Achieving Full Employment in Remote Settlements: subsidiarity and path dependence
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Many intertwined factors contribute to sustainability in the desert settlements of Birdsville and Bedourie. Taking one factor, the commitment to, and achievement of, full employment for all local residents, this paper draws data from a larger research project into desert settlement sustainability to unpack the components that have interplayed through history and into the present to make that local goal achievable. Current sustainability in these two settlements can be seen as an effect of astute and entrepreneurial adaptation of contemporary opportunities, both external such as policy and internal such as local resources. Yet, the capabilities underpinning such adaptations and the aspirations that drive them have a local history that exists in complex relationship to broader socio-political developments. The ways in which these settlements have resolved past conflicts, addressed past challenges and invested in certain directions over others can all be seen as contributing factors in present sustainability (and associated vulnerabilities). The analysis of this paper suggests that whilst changes in national and state level policy can be swift and impose short timeframes for producing outcomes, the achievement of sustainable settlement outcomes depends on social dynamics and path dependencies that have developed slowly, over time in the particular geographical locale. Settlements inevitably build upon, rather than act outside of, their own legacies, and this is too rarely apprehended in the process of external policy intervention in settlements. The case study of this paper suggests that, as best case scenario, external policy is one component to be employed in what is essentially a local creative process, and it is this creative process that, if tapped, produces sustainability.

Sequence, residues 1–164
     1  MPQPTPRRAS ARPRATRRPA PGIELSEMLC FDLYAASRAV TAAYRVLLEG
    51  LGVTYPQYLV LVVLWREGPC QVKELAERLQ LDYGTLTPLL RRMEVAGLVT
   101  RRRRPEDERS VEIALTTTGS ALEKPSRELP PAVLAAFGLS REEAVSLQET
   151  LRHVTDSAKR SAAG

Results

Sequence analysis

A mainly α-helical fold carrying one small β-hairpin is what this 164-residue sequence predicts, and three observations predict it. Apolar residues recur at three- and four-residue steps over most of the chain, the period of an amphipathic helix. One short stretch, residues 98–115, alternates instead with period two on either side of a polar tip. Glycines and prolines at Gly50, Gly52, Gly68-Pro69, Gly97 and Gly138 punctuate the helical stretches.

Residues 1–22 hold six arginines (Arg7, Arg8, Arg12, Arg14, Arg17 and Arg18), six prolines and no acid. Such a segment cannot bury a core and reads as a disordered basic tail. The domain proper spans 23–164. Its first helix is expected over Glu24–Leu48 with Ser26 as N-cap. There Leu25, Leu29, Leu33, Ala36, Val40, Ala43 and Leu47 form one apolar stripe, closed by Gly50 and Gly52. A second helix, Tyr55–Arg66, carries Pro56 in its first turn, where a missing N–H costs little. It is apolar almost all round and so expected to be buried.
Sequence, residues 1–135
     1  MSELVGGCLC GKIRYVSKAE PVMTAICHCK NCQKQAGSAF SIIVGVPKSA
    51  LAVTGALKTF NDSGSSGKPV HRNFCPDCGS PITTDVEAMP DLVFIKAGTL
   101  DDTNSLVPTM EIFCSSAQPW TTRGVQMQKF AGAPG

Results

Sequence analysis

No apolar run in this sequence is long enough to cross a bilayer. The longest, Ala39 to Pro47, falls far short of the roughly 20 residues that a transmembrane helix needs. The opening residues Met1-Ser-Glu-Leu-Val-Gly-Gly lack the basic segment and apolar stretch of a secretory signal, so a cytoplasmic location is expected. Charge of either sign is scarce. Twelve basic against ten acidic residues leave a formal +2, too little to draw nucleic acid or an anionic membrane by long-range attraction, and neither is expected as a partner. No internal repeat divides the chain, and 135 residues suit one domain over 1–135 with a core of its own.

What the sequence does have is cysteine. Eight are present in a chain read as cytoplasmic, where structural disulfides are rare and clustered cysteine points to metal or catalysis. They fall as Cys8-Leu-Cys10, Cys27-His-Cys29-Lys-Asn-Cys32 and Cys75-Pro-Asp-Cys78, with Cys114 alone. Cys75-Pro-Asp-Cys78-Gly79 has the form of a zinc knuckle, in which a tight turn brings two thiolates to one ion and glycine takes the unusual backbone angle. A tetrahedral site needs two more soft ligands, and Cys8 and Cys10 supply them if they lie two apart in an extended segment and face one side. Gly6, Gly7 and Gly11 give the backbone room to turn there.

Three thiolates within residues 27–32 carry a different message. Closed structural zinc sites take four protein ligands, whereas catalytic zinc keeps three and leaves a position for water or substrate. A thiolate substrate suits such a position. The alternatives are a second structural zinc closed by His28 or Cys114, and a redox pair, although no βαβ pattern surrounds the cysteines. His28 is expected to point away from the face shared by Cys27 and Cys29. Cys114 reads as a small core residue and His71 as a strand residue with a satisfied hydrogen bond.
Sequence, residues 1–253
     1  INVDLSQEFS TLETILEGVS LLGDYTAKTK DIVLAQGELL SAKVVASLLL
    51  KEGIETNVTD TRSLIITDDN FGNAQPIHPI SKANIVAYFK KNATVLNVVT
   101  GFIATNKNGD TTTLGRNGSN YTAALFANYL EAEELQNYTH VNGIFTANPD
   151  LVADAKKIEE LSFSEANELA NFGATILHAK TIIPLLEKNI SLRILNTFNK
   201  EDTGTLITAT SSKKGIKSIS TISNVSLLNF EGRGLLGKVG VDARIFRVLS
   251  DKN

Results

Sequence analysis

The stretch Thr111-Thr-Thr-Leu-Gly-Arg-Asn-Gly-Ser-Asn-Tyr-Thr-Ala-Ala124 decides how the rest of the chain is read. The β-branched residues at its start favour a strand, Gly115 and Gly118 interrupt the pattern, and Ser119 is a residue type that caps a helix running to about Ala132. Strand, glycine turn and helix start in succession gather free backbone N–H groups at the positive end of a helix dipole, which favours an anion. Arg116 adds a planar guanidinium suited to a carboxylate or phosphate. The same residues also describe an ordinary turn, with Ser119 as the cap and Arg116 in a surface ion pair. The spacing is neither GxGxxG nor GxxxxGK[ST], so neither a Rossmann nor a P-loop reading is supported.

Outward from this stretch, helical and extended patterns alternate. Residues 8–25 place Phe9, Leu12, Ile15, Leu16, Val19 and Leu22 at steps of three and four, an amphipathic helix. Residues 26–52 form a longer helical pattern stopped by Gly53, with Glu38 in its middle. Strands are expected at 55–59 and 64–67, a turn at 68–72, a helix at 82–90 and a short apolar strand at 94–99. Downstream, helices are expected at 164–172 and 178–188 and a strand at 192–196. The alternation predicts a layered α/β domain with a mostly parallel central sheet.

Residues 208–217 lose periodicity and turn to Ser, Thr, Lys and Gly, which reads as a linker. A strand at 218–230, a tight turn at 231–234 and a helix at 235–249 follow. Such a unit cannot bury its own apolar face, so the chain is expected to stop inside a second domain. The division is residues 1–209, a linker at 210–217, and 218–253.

Journal of Economic & Social Policy
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Studies in Human Society not elsewhere classified